routine. One conjugate is licensed for a two-dose primary series, but is not
marketed widely.


Introduction of Haemophilus influenzae type b vaccine into                       WHO/V&B/00.05
immunization programmes                                                          page 6

Hib vaccine is given by intramuscular injection in the anterolateral aspect of
the thigh (infants) or deltoid muscle (older children).

- The interval between (Hib vaccine) doses is not less than one month.
- The size of a dose is 0.5 ml.




                                                                                                 33
                                                   Hib
Introduction of Haemophilus influenzae type b vaccine into                      WHO/V&B/00.05
immunization programmes                                                         page 6

The (Hib) vaccine may be given at the same time as DTP, OPV, and (if
applicable) HepB vaccines. It can be given at the same time as DTP, OPV,
IPV, and HepB vaccines without ill effect. However, if used as a monovalent
vaccine, it should not be injected in the same limb at the same time as other
vaccines.


Introduction of Haemophilus influenzae type b vaccine into                      WHO/V&B/00.05
immunization programmes                                                         page 4

Types and formulations of Hib vaccines can be interchanged, so vaccines
from different manufacturers can be used for each dose that a child
receives.

Diluents, both in saline form and made from other vaccines, are produced to
go with specific Hib vaccines and are not interchangeable.


Getting started with vaccine vial monitors                                      WHO/V&B/02.35
                                                                                page 9
A policy permitting the use of vaccine outside the cold chain can be
implemented either generally for all routine immunization activities or on a
limited basis in certain areas or under special circumstances, such as:
 national immunization days;
 hard-to-reach geographical areas;
 immunizations provided in the home;
 cool seasons;
 storage and transportation of freeze-sensitive vaccines (DTP, TT, DT, Td,
hepatitis B and Hib vaccines) where the risk of freezing is greater than the
risk of heat exposure.


Getting started with vaccine vial monitors                                      WHO/V&B/02.35
                                                                                page 15
Opened vials of measles, yellow fever, BCG and freeze-dried Hib vaccine
cannot be used after an intial immunization session, (even if the VVM has
not reached the discard point.). They must be discarded within six hours of
reconstitution or at the end of the session, whichever comes first. The VVMs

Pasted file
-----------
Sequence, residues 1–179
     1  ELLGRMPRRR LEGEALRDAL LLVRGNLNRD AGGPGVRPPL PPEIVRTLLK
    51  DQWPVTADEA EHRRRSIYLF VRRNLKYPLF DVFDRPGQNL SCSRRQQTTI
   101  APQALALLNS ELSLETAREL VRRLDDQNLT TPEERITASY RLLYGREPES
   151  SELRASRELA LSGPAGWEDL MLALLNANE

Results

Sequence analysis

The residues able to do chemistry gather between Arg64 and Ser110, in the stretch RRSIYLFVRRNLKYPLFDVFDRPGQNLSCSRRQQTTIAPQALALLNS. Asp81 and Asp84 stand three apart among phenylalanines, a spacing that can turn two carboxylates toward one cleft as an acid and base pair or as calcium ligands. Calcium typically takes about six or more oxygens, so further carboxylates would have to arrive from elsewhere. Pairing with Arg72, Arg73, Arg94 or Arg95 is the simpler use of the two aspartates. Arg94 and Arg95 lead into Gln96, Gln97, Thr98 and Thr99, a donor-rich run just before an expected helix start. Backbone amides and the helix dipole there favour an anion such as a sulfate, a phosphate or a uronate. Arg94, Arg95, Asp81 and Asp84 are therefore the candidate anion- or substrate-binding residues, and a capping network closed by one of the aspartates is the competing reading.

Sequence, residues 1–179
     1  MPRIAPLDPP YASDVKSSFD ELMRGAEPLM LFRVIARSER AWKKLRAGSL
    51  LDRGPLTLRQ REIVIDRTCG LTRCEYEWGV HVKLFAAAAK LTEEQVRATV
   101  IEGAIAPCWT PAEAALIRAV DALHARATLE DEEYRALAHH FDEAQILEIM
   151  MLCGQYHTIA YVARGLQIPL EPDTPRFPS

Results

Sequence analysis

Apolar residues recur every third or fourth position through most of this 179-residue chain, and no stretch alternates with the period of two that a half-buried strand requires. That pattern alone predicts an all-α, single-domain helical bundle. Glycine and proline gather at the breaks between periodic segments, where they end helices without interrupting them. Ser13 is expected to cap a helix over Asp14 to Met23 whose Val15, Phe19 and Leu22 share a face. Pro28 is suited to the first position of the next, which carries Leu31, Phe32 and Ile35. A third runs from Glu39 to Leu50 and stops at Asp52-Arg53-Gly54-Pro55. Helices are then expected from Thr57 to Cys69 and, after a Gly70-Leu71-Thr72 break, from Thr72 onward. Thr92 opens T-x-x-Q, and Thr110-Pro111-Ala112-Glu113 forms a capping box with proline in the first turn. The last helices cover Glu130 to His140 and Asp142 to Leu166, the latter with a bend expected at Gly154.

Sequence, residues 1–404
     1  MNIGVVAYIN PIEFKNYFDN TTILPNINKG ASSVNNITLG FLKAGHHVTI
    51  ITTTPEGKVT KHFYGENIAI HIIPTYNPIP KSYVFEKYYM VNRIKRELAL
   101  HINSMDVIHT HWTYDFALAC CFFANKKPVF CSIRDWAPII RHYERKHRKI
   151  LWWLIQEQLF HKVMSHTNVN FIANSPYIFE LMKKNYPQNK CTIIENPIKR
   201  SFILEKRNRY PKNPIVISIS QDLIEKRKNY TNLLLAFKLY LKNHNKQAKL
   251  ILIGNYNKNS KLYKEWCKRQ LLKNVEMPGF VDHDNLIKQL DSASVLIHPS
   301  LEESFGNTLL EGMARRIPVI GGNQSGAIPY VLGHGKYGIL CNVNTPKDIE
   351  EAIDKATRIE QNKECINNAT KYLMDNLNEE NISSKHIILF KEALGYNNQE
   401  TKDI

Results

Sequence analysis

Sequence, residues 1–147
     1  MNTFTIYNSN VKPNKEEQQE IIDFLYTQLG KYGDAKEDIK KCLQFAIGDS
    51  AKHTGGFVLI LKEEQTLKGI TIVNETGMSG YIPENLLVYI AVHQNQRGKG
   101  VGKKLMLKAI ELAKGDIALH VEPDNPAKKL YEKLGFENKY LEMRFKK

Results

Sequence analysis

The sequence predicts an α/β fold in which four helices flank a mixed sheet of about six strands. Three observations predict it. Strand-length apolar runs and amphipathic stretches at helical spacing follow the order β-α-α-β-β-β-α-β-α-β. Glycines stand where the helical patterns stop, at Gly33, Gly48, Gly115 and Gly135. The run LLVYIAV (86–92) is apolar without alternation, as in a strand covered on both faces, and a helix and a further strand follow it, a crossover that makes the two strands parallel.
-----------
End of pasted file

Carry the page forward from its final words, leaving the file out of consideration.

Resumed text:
for these vaccines are attached to the vial caps and should be discarded
when the vaccine is being reconstituted.


Immunization in practice: a practical resource guide for Health                 WHO/IVB/04.06
workers 2004 update_____Module 2: The vaccines                                  page 20

Administration summary: Hib vaccine and DTP-HepB+Hib combination
vaccines (see Appendix 2_13.)


Immunization in practice: a practical resource guide for Health                 WHO/IVB/04.06
workers 2004 update_____Module 2: The vaccines                                  page 24

Typical immunization schedule for children (see Appendix 2_19.)




                                                                                                34
                                                   Hib
Introduction of Haemophilus influenzae type b vaccine into                       WHO/V&B/00.05
immunization programmes                                                          page 9

In introducing Hib using a catch-up strategy, there will be multiple schedules
in the first year for health workers and parents. For example, a schedule for
catch-up dosing is outlined in Appendix 15_10.

For older children who have already received DTP immunizations,
monovalent Hib vaccine will have to be used, not a combination vaccine
such as Hib-DTP, thus resulting in two Hib vaccine formations at the health
centre level.


Introduction of Haemophilus influenzae type b vaccine into                       WHO/V&B/00.05
immunization programmes                                                          page 10

In most countries, the primary series of Hib immunizations protect children
through their most susceptible period and thus, in general, a booster is not
needed. Although boosters may be considered when Hib disease is a